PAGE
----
PALMER — Olivia Beck takes her calves for walks and feeds them a mix of livestock pellets, show-calf feed and hay.
The black and white Holsteins looked like big dogs in January when the Palmer 15-year-old got them from a nearby dairy for her 4-H project at this year’s state fair. Now Finn and Forest are pushing 300 pounds. They’ll be at least twice that by fair time.
Only this year, there’s no such thing.
Officials last week announced that continued uncertainty surrounding the coronavirus pandemic prompted the cancellation of the Alaska State Fair for the first time in nearly 80 years.
“It’s huge,” said Beck’s mother, Teresa, who co-owns a veterinary practice in Palmer. “So many of us, it’s something we prepare for all year long.”
The late-summer ritual draws an estimated 300,000 people to Palmer’s state fairgrounds for two weeks of once-a-year menu items, piglet viewing, and some of the world’s biggest vegetables grown under Alaska’s midnight sun.
The cancellation is the first since 1942 during World War II.
The specter of COVID-19 has already done away with scores of other events including Kodiak’s Labor Day Weekend Fair and Rodeo and the Tanana Valley State Fair. The Kenai Peninsula Fair held the third weekend in August was still on as of Friday.
With the loss of the state fair in Palmer, the search is on for new ways to hold some kind of alternative event — or multiple events — that bring together crowds, food, vendors, vegetables and farm animals without running afoul of whatever COVID precautions are necessary later this summer.
Something being called the “Not Fair” is being considered for hundreds of vendors who rely on the fair’s annual shot of income.
One 2-week stint at the state fair can provide 75% of a year’s revenues. Fair officials say 40,000 to 50,000 people might stroll the fairgrounds on any given day.
A company run by a Willow couple called MATSU Events LLC is weighing the idea of putting on a large 3-day event in late August or early September for as many as 200 vendors at the Menard Center in Wasilla. The company put on last year’s Mat-Su Outdoorsman Show.
Owner Matt Rowley said several vendors reached out to him right after the fair announcement on May 22.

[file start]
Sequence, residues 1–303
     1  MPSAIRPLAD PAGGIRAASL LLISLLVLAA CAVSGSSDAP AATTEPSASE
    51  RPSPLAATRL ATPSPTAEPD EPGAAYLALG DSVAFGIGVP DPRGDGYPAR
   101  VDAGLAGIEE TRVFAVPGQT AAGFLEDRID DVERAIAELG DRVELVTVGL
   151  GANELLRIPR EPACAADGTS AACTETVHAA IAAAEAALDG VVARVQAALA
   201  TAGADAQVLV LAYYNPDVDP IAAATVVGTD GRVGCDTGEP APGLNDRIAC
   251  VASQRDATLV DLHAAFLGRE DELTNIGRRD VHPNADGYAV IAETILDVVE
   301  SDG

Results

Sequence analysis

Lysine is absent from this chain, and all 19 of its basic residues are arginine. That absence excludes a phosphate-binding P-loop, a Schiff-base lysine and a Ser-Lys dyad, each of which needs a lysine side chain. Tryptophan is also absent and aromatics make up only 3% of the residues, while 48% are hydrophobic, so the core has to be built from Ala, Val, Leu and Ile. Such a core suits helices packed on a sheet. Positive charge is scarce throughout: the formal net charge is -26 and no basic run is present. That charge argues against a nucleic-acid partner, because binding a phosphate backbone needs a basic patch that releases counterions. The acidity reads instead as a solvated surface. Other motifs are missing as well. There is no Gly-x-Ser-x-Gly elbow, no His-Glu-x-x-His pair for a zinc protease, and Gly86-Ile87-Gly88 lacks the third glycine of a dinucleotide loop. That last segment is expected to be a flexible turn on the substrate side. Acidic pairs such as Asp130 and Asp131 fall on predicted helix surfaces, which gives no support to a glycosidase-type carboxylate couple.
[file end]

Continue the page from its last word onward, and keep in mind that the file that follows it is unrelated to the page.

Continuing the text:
But first, Rowley said, he’s waiting to see how many vendors are interested and what Alaska’s governor and top health officials decide about large gatherings, an area still restricted under state mandates to curb the spread of COVID-19.
He’d already heard from 70 interested vendors within days of the cancellation. A decision will be made by June 5.
“We would love to be able to put a show together really for vendors,” Rowley said. “The fair is a big event. We’ve got no way of replicating the fair. Especially with two and a half months prep. It couldn’t be done.”
A Facebook group called “Mat-Su Community Fair 2020” formed within an hour of the fair’s cancellation announcement. Now it has 2,500 members.
One of them, Houston farm owner Jerika George, said she was invited to join within minutes of the group’s formation. Now George is a moderator and she’s looking for ways to continue the agriculture-oriented parts of the fair. Finding a property big enough and coordinating all the different planning efforts are the biggest hurdles, she said.
The group held a survey to see what kind of alternative members preferred: multiple small vendor fairs across Mat-Su; a larger fair with games and carnival rides; the Menard Center vendor fair; or the Menard event one weekend and another event at a Palmer-area racetrack another.
The multiple fairs option netted by far the most votes.